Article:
• John Heartfield

    David King

    Product Code: ANQDB
    Hardback
    This large-format overview of the work of John Heartfield draws on the superlative collections of the Academie der Kunst, Berlin, and the David King collection at Tate Modern. Born in Berlin in 1891, Heartfield, along with George Grosz, is widely considered to have invented photomontage, a technique of cutting up and manipulating photographs. During the 1930s Heartfield's engagement with this medium produced some of the most visually arresting and politically hard-hitting artwork of the twentieth century, appropriating the widely-circulated propaganda of the time to create its total antithesis. John Heartfield began his career as a graphic designer for his brother's legendary publishing house Malik Verlag, at which time he also joined the German Communist Party for whom he created many satirical posters. However, his pre-eminence in photomontage was confirmed by the work he produced for the Communist weekly AIZ and Volks Illustrierte, creating 237 photomontages between 1930 and 1937. In his own words, he used 'laughter as a devastating weapon' to target the Nazi regime of violence and demagogy, but this in turn made he himself a target for Nazi scorn and censorship. In 1933 much of his work was destroyed when the Gestapo ransacked his studio, and the ensuing years saw him flee in exile around Europe where he continued to produce his brilliantly terrifying images. With an essay written by the author in his own inimitable style, the book includes over 150 full-colour reproductions of Heartfield's beautiful and powerful work, both in its original and printed forms, as well as documentary photographs and recollections from Heartfield's surviving family members.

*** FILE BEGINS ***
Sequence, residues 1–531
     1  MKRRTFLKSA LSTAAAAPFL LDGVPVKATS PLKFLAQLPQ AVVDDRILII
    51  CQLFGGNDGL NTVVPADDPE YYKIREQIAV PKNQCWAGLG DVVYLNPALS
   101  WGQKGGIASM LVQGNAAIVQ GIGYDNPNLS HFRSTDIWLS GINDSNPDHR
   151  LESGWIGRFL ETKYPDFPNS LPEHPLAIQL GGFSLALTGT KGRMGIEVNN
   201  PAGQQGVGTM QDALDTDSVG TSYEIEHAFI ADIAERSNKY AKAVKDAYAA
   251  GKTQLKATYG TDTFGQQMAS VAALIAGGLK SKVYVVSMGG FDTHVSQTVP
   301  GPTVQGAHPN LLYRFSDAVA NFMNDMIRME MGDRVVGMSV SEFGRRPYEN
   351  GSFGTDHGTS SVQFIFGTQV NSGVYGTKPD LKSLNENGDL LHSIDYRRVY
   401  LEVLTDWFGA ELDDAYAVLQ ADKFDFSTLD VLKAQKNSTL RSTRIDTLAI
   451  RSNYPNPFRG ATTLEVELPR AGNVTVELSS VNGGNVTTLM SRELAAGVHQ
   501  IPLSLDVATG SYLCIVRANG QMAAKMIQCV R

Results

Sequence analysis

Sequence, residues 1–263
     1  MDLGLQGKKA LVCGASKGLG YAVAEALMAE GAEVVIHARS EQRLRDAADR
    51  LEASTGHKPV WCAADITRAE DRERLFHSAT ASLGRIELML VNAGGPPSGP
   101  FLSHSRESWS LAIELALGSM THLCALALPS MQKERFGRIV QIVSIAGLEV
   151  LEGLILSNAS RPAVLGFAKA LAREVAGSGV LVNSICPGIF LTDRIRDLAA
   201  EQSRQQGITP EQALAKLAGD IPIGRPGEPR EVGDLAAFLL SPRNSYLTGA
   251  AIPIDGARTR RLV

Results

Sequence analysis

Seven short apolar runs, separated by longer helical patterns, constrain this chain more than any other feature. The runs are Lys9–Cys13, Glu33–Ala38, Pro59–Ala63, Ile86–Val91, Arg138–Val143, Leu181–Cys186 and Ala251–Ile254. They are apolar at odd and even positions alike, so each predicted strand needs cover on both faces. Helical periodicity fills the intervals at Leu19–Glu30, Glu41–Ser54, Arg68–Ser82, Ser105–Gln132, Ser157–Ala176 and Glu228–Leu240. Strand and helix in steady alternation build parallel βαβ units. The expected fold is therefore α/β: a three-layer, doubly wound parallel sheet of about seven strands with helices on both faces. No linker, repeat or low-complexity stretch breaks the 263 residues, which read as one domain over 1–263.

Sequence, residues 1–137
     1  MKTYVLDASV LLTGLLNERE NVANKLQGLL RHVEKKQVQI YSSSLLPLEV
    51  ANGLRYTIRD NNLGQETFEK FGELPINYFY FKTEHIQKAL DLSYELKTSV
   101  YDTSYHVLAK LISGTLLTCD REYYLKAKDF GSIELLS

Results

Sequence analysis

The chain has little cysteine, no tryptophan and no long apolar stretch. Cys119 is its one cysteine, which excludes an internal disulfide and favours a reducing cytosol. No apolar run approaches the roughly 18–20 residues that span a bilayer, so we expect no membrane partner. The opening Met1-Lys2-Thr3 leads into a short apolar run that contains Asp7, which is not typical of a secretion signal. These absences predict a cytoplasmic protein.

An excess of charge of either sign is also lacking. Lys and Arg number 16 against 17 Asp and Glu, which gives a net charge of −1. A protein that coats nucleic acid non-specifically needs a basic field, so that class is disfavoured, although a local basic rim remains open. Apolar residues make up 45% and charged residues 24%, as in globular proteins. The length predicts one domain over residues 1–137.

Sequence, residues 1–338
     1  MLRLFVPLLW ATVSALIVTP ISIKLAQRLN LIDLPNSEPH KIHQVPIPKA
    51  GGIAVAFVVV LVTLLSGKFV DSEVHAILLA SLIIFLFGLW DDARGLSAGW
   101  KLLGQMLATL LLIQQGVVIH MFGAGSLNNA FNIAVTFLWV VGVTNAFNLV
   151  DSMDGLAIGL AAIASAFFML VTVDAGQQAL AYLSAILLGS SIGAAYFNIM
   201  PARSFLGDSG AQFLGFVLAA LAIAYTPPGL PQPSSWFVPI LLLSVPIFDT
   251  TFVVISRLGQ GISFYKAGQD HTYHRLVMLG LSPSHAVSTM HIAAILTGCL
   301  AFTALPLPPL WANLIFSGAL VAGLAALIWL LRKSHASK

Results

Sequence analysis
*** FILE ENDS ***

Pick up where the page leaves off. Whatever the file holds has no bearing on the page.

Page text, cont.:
• £23.99
    • RRP £29.99
    • Save £6.00